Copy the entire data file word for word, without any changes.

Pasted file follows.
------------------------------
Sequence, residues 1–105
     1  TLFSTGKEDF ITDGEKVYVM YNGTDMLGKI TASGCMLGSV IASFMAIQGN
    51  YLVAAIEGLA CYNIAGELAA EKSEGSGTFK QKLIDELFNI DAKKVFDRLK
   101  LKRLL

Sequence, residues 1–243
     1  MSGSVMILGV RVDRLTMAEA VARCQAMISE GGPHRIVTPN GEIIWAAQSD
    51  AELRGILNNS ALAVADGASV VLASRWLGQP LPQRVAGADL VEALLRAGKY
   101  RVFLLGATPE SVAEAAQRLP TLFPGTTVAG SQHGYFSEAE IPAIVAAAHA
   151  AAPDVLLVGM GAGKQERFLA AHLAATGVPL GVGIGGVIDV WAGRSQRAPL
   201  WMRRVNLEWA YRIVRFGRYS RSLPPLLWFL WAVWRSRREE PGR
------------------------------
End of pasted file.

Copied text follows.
Sequence, residues 1–105
     1  TLFSTGKEDF ITDGEKVYVM YNGTDMLGKI TASGCMLGSV IASFMAIQGN
    51  YLVAAIEGLA CYNIAGELAA EKSEGSGTFK QKLIDELFNI DAKKVFDRLK
   101  LKRLL

Sequence, residues 1–243
     1  MSGSVMILGV RVDRLTMAEA VARCQAMISE GGPHRIVTPN GEIIWAAQSD
    51  AELRGILNNS ALAVADGASV VLASRWLGQP LPQRVAGADL VEALLRAGKY
   101  RVFLLGATPE SVAEAAQRLP TLFPGTTVAG SQHGYFSEAE IPAIVAAAHA
   151  AAPDVLLVGM GAGKQERFLA AHLAATGVPL GVGIGGVIDV WAGRSQRAPL
   201  WMRRVNLEWA YRIVRFGRYS RSLPPLLWFL WAVWRSRREE PGR